500 Days Of Film Reviews Horror Drama, The Bad Batch, starring Suki Waterhouse, Jason Momoa, Jim Carrey And Keanu Reeves
Exiled to a Texan wasteland fenced off from civilization, Arlen (Suki Waterhouse) struggles to adjust to her new, unforgiving landscape. Things go from bad to worse when she is captured by a savage band of cannibals led by the mysterious Miami Man (Jason Momoa).
With her life on the line, she escapes and makes her way to The Dream (Keanu Reeves) and his colony of outcasts in the desert. As she adjusts to life in 'the bad batch' Arlen discovers that being good or bad is often a matter of perspective.
Is It Any Good?
How to describe The Bad Batch? Well, you could call it a cannibal fairytale, a savage satire, a psychedelic western or a (dark) romantic adventure. However you characterise it, one thing is for sure: Ana Lily Amirpour’s film is one crazy ride.
Having loved her debut movie (A Girl Walks Home Alone At Night), I was eager to see The Bad Batch once it was released on Netflix. How would Amirpour follow her superb and atmospheric Iranian vampire tale?
By focusing on cannibalism, of course. In the first scenes of the film, Arlen finds herself cast out, labelled as one of the ‘bad batch’ of undesirables no longer wanted in America. Before she is able to process her new circumstances, Arlen is kidnapped.
Chained up in a desolate shanty town full of formidable cannibal body builders, she is destined to become dinner - limb by limb. In these early powerful scenes, Amirpour shows us the reality of her situation and it is brutal.
Arlen manages to escape, but where can she go? How can she find meaning in her new life? Vengeance seems an option and one that leads her into the path (via a strange drug-fuelled hallucination) of Jason Momoa’s Miami Man. The film then teases us with an unlikely and dangerous romance.
After its powerful and startlingly savage opening scenes, I began to lose interest in The Bad Batch. I couldn’t figure out if I was enjoying Amirpour’s movie or just tolerating it because of how much I had loved her previous film.
Midway through and I wasn't enjoying this movie. While I understood what the film was trying to do, I became increasingly frustrated and disappointed that The Bad Batch had failed to engage me in its storytelling.
Then something strange happened. The Bad Batch began to grow on me, to grip me and, by the end, I realised that I had loved my experience of watching this film. I warmed to the characters, enjoyed the score and could almost feel the arid heat of the Texan desert - thanks to Lyle Vincent’s superb cinematography.
Now knowing where this film is headed, I want to go back and watch it all over again.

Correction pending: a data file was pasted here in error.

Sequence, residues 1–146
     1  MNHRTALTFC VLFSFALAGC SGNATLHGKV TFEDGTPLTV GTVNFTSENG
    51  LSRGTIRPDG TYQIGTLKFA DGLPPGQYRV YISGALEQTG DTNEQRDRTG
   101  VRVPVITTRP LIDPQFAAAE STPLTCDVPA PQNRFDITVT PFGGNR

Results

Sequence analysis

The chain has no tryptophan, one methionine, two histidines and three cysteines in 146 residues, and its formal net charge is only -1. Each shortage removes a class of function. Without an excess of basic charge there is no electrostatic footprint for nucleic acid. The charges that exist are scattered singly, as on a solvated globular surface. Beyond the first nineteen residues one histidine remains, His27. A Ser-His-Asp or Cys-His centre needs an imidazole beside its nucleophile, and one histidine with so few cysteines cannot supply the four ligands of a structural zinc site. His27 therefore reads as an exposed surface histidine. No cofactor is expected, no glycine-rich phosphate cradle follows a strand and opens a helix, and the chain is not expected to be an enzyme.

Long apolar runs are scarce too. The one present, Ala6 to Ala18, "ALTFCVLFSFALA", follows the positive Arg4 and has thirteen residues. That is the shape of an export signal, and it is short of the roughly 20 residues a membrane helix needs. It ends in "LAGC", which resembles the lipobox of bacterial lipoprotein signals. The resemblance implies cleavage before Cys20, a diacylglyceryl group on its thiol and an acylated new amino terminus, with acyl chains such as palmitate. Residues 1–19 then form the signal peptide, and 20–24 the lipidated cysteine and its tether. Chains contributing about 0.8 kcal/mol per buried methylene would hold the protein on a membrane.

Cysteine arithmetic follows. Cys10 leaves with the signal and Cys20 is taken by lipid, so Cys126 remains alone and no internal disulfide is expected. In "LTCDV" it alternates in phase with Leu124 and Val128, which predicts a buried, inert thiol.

The Bad Batch depends on our appreciation of Arlen's journey. I was impressed by Suki Waterhouse’s physical performance and found her surprisingly engaging. “I told her she was going to suffer, physically, mentally, suffer, more than she could imagine,” Amirpour recalls.
“It’s an action movie, with stunts, and prosthetics, shooting in a decayed hot desert, no frills, all pain. And I told her this right up front, to see if she would commit all the way, and she did. She’s a true warrior. And beyond that she has a magic about her that can hold your attention no matter what she’s doing.”
Meanwhile, the rest of the cast have fun with their roles. I enjoyed Jason Momoa’s performance, Jim Carrey is brilliant (and borderline unrecognisable) and Keanu Reeves pitches his seedy saviour, The Dream, to perfection.
As with her previous film, A Girl Walks Home Alone At Night, music is key to The Bad Batch. Amirpour explains that music is “such a crucial element to being creative for me, or just being a human being.
"I think for a movie, a song feels like a character or a place or a scene, and, sometimes I hear a song, and I just want to create a moment in a film for it to exist, so I think it’s almost kind of like scoring the film to the music, and most people kind of do it the other way around.”
And that's the exciting thing about Ana Lily Amirpour - she is not afraid to do things differently. The Bad Batch may not be for everyone but it certainly won my heart.
Amirpour sent many of her crew members Westerns to study (including El Topo, and Once Upon A Time in the West) before production on The Bad Batch began to give them an idea of what she wanted her film to look like.
If you enjoyed The Bad Batch or not, I would really recommend Ana Lily Amirpour’s debut feature, A Girl Walks Home Alone At Night.
Have you seen The Bad Batch?
If you have, what did you think of Ana Lily Amirpour’s film? Let me know by leaving me a comment in the section below or let’s chat over on Facebook or Twitter (@500DaysOfFilm).